• A number of resource elements may be available in each symbol period. Each resource element may cover one subcarrier in one symbol period and may be used to send one modulation symbol, which may be a real or complex value. Resource elements not used for a reference signal in each symbol period may be arranged into resource element groups (REGs). Each REG may include four resource elements in one symbol period. The PCFICH may occupy four REGs, which may be spaced approximately equally across frequency, in symbol period 0. The PHICH may occupy three REGs, which may be spread across frequency, in one or more configurable symbol periods. For example, the three REGs for the PHICH may all belong in symbol period 0 or may be spread in symbol periods 0, 1, and 2. The PDCCH may occupy 9, 18, 32, or 64 REGs, which may be selected from the available REGs, in the first M symbol periods. Only certain combinations of REGs may be allowed for the PDCCH.
  • A UE may know the specific REGs used for the PHICH and the PCFICH. The UE may search different combinations of REGs for the PDCCH. The number of combinations to search is typically less than the number of allowed combinations for the PDCCH. An eNB may send the PDCCH to the UE in any of the combinations that the UE will search.
  • FIG. 2A shows an exemplary format 200A for the uplink in LTE. The available resource blocks for the uplink may be partitioned into a data section and a control section. The control section may be formed at the two edges of the system bandwidth and may have a configurable size. The resource blocks in the control section may be assigned to UEs for transmission of control information. The data section may include all resource blocks not included in the control section. The design in FIG. 2A results in the data section including contiguous subcarriers, which may allow a single UE to be assigned all of the contiguous subcarriers in the data section.
  • A UE may be assigned resource blocks in the control section to transmit control information to an eNB. The UE may also be assigned resource blocks in the data section to transmit data to the eNB. The UE may transmit control information in a Physical Uplink Control Channel (PUCCH) 210 a, 210 b on the assigned resource blocks in the control section. The UE may transmit only data or both data and control information in a Physical Uplink Shared Channel (PUSCH) 220 a, 220 b on the assigned resource blocks in the data section. An uplink transmission may span both slots of a subframe and may hop across frequency as shown in FIG. 2A.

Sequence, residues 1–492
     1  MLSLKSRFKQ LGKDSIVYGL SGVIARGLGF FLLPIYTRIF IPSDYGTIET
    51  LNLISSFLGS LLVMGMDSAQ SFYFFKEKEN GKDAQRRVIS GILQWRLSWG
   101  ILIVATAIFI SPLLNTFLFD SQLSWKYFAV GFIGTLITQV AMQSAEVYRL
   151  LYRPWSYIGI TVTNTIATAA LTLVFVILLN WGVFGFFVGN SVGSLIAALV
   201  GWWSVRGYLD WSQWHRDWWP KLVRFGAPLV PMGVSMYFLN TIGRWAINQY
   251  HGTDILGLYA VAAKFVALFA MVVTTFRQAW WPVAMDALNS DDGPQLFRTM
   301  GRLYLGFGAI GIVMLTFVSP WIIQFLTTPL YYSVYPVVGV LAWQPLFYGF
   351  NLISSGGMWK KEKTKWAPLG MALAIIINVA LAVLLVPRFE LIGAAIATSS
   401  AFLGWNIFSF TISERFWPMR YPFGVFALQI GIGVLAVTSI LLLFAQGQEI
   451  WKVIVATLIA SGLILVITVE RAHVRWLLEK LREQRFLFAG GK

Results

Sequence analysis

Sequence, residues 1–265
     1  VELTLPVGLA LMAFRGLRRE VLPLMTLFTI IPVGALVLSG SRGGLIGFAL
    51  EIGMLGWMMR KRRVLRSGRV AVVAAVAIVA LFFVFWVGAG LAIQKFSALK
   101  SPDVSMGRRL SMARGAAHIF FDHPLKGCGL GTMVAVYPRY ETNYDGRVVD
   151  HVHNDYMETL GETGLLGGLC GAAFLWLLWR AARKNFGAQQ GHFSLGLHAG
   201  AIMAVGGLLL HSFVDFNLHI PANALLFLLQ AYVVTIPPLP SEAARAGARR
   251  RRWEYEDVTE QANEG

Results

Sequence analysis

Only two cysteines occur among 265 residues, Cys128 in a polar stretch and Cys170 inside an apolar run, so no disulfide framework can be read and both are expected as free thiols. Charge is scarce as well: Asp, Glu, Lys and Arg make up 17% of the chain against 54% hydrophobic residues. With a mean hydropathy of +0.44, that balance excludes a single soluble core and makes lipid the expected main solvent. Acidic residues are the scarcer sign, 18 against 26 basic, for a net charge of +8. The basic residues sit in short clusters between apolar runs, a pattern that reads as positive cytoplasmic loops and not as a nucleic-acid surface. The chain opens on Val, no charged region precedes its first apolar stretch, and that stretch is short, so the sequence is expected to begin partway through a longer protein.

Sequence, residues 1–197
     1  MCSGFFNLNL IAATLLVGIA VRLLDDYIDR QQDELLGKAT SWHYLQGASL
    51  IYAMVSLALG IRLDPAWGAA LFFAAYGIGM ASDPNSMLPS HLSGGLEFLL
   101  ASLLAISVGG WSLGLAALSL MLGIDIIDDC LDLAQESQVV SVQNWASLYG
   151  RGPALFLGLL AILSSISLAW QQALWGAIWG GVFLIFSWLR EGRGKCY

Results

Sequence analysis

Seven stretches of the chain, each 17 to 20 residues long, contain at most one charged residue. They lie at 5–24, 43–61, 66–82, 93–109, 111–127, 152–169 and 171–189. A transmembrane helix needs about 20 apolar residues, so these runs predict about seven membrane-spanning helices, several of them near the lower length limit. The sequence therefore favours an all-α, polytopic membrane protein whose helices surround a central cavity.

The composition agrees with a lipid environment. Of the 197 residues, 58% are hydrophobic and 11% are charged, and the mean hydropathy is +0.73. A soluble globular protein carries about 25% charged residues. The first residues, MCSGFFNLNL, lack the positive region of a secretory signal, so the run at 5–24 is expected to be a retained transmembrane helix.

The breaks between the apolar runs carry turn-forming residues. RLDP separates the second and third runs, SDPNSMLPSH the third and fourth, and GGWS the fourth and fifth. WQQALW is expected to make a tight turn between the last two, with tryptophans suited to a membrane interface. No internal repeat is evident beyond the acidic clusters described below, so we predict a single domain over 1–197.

• A UE may be within the coverage of multiple eNBs. One of these eNBs may be selected to serve the UE. The serving eNB may be selected based on various criteria such as received power, pathloss, signal-to-noise ratio (SNR), etc.
  • A UE may operate in a dominant interference scenario in which the UE may observe high interference from one or more interfering eNBs. A dominant interference scenario may occur due to restricted association. For example, in FIG. 1, UE 120 y may be close to femto eNB 110 y and may have high received power for eNB 110 y. However, UE 120 y may not be able to access femto eNB 110 y due to restricted association and may then connect to macro eNB 110 c with lower received power (as shown in FIG. 1) or to femto eNB 110 z also with lower received power (not shown in FIG. 1). UE 120 y may then observe high interference from femto eNB 110 y on the downlink and may also cause high interference to eNB 110 y on the uplink.
  • A dominant interference scenario may also occur due to range extension, which is a scenario in which a UE connects to an eNB with lower pathloss and lower SNR among all eNBs detected by the UE. For example, in FIG. 1, UE 120 x may detect macro eNB 110 b and pico eNB 110 x and may have lower received power for eNB 110 x than eNB 110 b. Nevertheless, it may be desirable for UE 120 x to connect to pico eNB 110 x if the pathloss for eNB 110 x is lower than the pathloss for macro eNB 110 b. This may result in less interference to the wireless network for a given data rate for UE 120 x.